Feature | September 26, 2013

Paradigms for Dual Antiplatelet Therapy after PCI Challenged by PARIS Trial

Icahn School of Medicine at Mount Sinai presents new findings of its Patterns of Non-Adherence to Anti-Platelet Regimens in Stented Patients (PARIS) study at European Society of Cardiology 2013 Congress

Icahn School of Medicine at Mount Sinai PARIS Study Antiplatelet Therapy PCI

September 26, 2013 — Lead study investigators from Icahn School of Medicine at Mount Sinai presented their Patterns of Non-Adherence to Anti-Platelet Regimens in Stented Patients (PARIS) study findings at the ESC Congress 2013 in Amsterdam organized by the European Society of Cardiology. Their new study results show among patients undergoing percutaneous coronary intervention (PCI) with stents, the risk of cardiovascular complications after stopping dual antiplatelet therapy (DAPT) is highly variable depending on the context, and some patients experience no complications at all.


“Our findings challenge existing paradigms for prolonging antiplatelet therapy in otherwise stable patients after PCI, and show that in a real-world setting physicians are making appropriate decisions in selecting low-risk patients for discontinuation,” said lead investigator Roxana Mehran, M.D., professor of Medicine in Cardiology and director of Interventional Cardiovascular Research and Clinical Trials at Icahn School of Medicine at Mount Sinai.


“Conversely, when patients simply don’t comply or are forced off antiplatelet therapy because they are bleeding, their risk is significantly elevated,” she adds.


The PARIS study, a prospective, international, multicenter, observational registry trial led by Icahn School of Medicine at Mount Sinai, enrolled more than 5,000 patients with coronary artery disease undergoing PCI with stent implantation at 15 clinical sites in five countries between July 2009 and December 2010.


Follow-up at 30 days, six months, one, and two years determined whether patients had discontinued, interrupted, or disrupted antiplatelet therapy and whether this resulted in any major adverse cardiovascular events (MACE).


“Discontinuation” was defined as a physician-recommended cessation of medication for subjects believed to no longer need it, while “interruption” was defined as temporary (up to 14 days) due to surgical necessity, and “disruption” was due to bleeding or non-compliance.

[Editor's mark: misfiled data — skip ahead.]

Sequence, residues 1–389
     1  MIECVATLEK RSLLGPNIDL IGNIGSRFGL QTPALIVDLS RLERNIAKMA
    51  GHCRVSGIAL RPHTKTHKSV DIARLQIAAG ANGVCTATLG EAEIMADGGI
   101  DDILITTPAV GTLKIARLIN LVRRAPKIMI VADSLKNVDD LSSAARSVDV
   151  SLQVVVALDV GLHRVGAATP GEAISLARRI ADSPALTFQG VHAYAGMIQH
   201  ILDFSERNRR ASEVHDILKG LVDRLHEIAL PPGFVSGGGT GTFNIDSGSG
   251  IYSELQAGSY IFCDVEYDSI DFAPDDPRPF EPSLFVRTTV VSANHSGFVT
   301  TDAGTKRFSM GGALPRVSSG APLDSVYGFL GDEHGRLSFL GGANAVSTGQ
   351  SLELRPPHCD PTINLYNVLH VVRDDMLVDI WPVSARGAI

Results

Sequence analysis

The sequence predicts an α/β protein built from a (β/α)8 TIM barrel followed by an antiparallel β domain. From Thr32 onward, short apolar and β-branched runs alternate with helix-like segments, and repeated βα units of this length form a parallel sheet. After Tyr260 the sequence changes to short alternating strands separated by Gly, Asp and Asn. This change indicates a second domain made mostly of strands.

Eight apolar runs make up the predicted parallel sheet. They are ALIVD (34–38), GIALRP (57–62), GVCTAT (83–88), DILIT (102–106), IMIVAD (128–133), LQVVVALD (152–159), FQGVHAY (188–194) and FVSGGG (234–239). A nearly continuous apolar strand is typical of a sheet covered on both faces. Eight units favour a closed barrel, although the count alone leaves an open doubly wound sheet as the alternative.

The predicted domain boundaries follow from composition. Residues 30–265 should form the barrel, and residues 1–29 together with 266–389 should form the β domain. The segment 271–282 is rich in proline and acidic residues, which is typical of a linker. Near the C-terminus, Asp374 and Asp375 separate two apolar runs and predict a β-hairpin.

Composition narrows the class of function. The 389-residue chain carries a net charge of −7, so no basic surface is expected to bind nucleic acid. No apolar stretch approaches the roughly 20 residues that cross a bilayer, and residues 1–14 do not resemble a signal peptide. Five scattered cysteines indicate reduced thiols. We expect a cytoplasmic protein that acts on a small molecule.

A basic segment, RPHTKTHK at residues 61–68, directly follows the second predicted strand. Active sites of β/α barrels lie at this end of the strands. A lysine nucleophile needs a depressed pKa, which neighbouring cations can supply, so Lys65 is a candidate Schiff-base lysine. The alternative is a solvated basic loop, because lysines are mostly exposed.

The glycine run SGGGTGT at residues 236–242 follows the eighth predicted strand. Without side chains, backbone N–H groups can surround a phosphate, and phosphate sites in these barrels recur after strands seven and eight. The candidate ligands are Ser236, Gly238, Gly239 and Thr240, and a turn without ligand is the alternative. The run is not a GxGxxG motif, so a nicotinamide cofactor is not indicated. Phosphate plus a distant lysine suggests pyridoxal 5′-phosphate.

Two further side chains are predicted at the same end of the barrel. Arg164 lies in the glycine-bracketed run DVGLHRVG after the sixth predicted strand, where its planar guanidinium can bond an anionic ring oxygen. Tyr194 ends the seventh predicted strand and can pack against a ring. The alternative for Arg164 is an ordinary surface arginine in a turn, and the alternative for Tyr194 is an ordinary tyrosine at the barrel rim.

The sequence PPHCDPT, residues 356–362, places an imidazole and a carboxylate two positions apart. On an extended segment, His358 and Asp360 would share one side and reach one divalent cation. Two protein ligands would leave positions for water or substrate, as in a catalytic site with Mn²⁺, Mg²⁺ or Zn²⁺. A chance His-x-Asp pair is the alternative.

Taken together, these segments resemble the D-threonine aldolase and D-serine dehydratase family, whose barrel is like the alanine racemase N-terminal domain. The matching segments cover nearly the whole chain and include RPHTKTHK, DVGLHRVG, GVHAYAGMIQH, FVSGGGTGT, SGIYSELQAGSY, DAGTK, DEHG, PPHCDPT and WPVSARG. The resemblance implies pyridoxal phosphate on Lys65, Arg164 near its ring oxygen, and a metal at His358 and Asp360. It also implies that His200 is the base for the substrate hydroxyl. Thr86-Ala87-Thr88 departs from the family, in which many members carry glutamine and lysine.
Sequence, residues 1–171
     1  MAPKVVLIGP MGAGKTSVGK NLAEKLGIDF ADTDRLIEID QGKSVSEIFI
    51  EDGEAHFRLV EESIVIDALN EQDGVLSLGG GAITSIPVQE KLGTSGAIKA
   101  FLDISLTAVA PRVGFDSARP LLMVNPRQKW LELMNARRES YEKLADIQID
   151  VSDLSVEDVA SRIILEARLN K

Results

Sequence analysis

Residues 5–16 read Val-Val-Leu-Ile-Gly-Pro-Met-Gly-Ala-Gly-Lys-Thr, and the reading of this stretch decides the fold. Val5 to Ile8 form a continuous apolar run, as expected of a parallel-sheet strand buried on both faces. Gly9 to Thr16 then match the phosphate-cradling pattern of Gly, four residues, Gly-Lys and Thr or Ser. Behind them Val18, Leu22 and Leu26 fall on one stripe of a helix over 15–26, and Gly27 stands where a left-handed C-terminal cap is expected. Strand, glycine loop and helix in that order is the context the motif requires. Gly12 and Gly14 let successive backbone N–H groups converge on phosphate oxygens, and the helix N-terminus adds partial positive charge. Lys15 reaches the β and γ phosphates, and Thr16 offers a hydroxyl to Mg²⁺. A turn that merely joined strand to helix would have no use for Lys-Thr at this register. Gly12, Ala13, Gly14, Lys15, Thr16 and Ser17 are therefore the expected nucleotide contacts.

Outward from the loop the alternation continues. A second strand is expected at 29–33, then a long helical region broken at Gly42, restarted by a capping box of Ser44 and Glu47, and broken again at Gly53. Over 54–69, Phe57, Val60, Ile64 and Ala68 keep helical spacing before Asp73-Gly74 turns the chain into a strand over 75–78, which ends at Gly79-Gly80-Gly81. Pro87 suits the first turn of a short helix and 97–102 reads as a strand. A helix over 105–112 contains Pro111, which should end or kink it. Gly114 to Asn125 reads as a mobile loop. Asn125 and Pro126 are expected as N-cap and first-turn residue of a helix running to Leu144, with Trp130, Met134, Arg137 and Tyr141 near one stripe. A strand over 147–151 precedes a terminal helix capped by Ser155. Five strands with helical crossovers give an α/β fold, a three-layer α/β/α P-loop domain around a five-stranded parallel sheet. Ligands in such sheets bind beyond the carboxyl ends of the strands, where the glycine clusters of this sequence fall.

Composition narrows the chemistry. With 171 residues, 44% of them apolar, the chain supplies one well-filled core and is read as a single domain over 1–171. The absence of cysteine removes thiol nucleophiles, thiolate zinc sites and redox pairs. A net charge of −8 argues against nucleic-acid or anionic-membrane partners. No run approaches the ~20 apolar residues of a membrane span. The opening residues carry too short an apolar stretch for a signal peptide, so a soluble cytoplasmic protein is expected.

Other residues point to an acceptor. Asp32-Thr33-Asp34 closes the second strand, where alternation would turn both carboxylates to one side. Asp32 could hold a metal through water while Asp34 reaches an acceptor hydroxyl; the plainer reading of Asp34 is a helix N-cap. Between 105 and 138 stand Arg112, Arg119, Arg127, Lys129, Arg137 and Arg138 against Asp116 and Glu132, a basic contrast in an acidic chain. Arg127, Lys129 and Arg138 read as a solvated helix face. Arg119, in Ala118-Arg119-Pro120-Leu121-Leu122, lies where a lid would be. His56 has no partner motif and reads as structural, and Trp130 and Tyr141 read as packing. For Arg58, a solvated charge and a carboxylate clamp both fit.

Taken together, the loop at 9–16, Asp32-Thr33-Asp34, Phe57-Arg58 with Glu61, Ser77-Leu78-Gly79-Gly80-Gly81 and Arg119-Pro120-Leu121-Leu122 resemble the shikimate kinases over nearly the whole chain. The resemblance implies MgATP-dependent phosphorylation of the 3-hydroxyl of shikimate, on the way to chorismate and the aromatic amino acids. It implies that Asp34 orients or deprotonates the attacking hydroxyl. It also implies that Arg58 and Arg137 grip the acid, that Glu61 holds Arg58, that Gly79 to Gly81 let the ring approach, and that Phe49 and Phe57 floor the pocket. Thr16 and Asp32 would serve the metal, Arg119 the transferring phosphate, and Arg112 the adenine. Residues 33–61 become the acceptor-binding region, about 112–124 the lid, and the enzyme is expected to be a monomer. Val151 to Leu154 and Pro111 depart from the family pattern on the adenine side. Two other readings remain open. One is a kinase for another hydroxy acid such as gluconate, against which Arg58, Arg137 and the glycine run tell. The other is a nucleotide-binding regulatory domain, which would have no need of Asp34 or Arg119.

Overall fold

In a final analysis of 5,018 patients at two years, the study showed a cumulative incidence of discontinuation, interruption, and disruption of 40.8 percent, 10.5 percent, and 14.4 percent, respectively, while the cumulative incidence of MACE was 11.5 percent.


At one-year, which is the duration currently recommended for antiplatelet therapy, the cumulative incidence of discontinuation, interruption, and disruption was 11.5 percent, 4.6 percent, and 9.8 percent respectively, with a 7.4 percent cumulative incidence of MACE.


The majority of MACE (74 percent) occurred in patients who had remained on their recommended antiplatelet therapy, but among those who had not, there was a 50 percent increased risk of MACE associated with disrupting compared to staying on medication, and a 37 percent decreased risk associated with discontinuation compared to staying on. In contrast, brief interruptions did not increase risk for thrombotic events such as stent thrombosis or myocardial infarction.


“The findings show that when physicians recommend discontinuation presumably because patients are stable, there is no risk of adverse events, but when patients simply don’t comply or are forced off antiplatelet therapy because they are bleeding, their risk is significantly elevated,” said Mehran.


For the latter group, a novel finding was that the risk of MACE was highest in the first seven days of disruption (when there was a seven-fold increase), after which it decreased.


Importantly, the study also showed that sustained antiplatelet therapy was not associated with reduced thrombotic risk compared to recommended discontinuation — a finding that goes against common assumption.


“In fact, there was a slight, though statistically non-significant reduction in risk associated with recommended discontinuation, which contrasts with some previous studies that have suggested a potential protective effect with prolonged antiplatelet therapy,” she said.


The PARIS study results show that the effect of antiplatelet cessation on cardiovascular risk is “modest” offering insight on this interaction in the modern era of post-PCI therapy.


Previous studies have not included such a broad range of subjects and did not account for the context around antiplatelet cessation, according to Mehran.


“We hope that these novel findings will spur initiatives to standardize and harmonize criteria for DAPT cessation, analogous to previous efforts used for myocardial infarction and bleeding.”


The PARIS study was supported by a Mount Sinai investigator-initiated grant from Bristol Myers Squib/Sanofi-Aventis. Representatives of the funding agency were not directly involved in the collection, management, analysis or interpretation of the data.


For more information www.mountsinai.org


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